•I am available to supervise other psychotherapists in the areas of   Psychodynamic Psychotherapy, EMDR, Body Image work, and
  Leaving Home.

•I enjoy guest lecturing and public speaking on these topics.

I am also available to work as an Adjunct EMDR Therapist. If you are   having specific difficulties as Primary Psychotherapist with a
  given patient, you might find my services useful.

Sometimes, when working toward insights in a psychodynamic psychotherapy, there are times of "stagnation" when nothing seems to be progressing. This can be a normal function of the transference-countertransference dynamic, that can be analyzed, lived through, and ultimately yields to your treatment. However, there are times when a therapist can feel "on the wrong track", and needs a break through. A short-term adjunct EMDR treatment can often provide that kind of process. New information and perspectives can emerge, and be brought back by the patient to the primary treatment, which can then continue in a more productive fashion.

When I collaborate as an adjunct therapist, I make a commitment to both the primary therapist and the patient, to support and preserve the integrity of their primary therapy relationship. I will actively head off any development of splitting the transference, and will emphasize the behavioral-cognitive aspects of EMDR work.

The adjunct arrangements are considered short-term and specific symptom-oriented. Primary psychotherapy might be suspended during the EMDR work, which could last a month or two, or it might alternate sessions with the EMDR sessions.


I worked as an Adjunct EMDR therapist with Miss X, who referred herself to me, after reading about EMDR treatment. She had been in psychotherapy with an analytic psychotherapist for several years. She was seen twice a week in treatment. She was interested in EMDR work because she felt "stuck" in treatment. I explained to Miss X that I would need to confer with her primary therapist in order to move forward into a therapeutic arrangement. I recommended she give my number to her therapist, which she did.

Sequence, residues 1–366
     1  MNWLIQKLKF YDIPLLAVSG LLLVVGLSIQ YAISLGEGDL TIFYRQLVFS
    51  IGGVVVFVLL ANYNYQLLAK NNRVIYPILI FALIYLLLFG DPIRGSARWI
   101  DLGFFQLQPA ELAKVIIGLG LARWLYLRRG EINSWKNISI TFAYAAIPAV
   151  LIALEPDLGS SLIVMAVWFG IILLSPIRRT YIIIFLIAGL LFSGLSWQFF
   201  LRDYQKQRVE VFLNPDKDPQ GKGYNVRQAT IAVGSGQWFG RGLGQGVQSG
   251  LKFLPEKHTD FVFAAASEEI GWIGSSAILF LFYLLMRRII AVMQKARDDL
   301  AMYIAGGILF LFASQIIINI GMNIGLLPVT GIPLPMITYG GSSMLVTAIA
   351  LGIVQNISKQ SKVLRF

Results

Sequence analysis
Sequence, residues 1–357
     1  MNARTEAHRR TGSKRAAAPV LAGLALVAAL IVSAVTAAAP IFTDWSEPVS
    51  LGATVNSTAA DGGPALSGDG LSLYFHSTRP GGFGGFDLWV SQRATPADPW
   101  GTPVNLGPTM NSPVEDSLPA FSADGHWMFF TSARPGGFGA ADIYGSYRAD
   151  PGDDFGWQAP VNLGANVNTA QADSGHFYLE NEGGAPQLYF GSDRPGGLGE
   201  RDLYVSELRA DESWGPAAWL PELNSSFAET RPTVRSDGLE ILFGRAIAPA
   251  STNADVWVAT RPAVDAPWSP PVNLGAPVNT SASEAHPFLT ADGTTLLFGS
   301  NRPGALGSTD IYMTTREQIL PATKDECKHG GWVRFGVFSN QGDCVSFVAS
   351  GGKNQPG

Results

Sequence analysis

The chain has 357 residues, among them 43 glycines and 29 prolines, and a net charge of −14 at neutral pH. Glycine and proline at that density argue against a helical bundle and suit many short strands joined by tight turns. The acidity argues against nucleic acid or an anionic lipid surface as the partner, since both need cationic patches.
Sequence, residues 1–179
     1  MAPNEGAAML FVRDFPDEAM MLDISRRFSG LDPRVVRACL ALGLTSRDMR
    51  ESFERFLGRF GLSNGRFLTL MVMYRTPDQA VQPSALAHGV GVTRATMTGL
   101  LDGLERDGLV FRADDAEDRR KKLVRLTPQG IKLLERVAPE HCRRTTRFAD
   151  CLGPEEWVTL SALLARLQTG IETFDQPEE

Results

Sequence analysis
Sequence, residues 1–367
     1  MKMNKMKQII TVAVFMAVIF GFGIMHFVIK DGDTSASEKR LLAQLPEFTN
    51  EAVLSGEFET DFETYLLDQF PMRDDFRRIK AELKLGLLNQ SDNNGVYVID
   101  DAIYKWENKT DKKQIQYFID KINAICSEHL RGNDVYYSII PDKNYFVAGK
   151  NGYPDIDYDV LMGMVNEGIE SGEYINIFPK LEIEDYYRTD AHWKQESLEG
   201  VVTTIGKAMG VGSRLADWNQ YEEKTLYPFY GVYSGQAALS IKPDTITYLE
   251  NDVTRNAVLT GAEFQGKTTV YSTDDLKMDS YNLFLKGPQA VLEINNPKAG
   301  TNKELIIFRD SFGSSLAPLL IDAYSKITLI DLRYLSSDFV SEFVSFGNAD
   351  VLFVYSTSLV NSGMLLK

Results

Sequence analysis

Dr. Y called me the following week, and expressed relief that she would be getting collegial support for a somewhat stagnating treatment. While she had made some good progress with Miss X, she felt the process was being held up by unresolved PTSD, stemming from a series of childhood traumas of an interpersonal nature. While Miss X remembered these incidents, and could discuss them intellectually, she was unable to "get over" them. Dr. Y and I agreed that I would focus the EMDR work on the most distressing of these memories, to help "reprocess" the event. We agreed that helping Miss X to deal with her memory with more emotional connection could be beneficial. We discussed the arrangements, and decided that Miss X could give up one of her analytic hours to schedule her EMDR sessions, pending Miss X' agreement. Dr. Y and I both thought we should be in touch periodically by phone. We also discussed transference and countertranference considerations, and I gave her my commitment to protect the primary therapy relationship.

Miss X subsequently called to set up appointment times, and we talked about Dr. Y's and my conversation. Miss X was fine with all the choices. Miss X and I met for a two month period, focusing on a particularly troubling memory. During that treatment, she was able to process the event and become desensitized to its power over her. She and Dr. Y both reported an improved experience in the primary psychotherapy treatment. During that time, Dr. Y and I spoke three times. At the end of the two month period, Miss X felt she no longer needed to come for EMDR. We stopped the treatment, with the proviso that we might meet again, if she should need my help in the future. Dr. Y and I had a final phone consult, in order to wrap up our collaboration.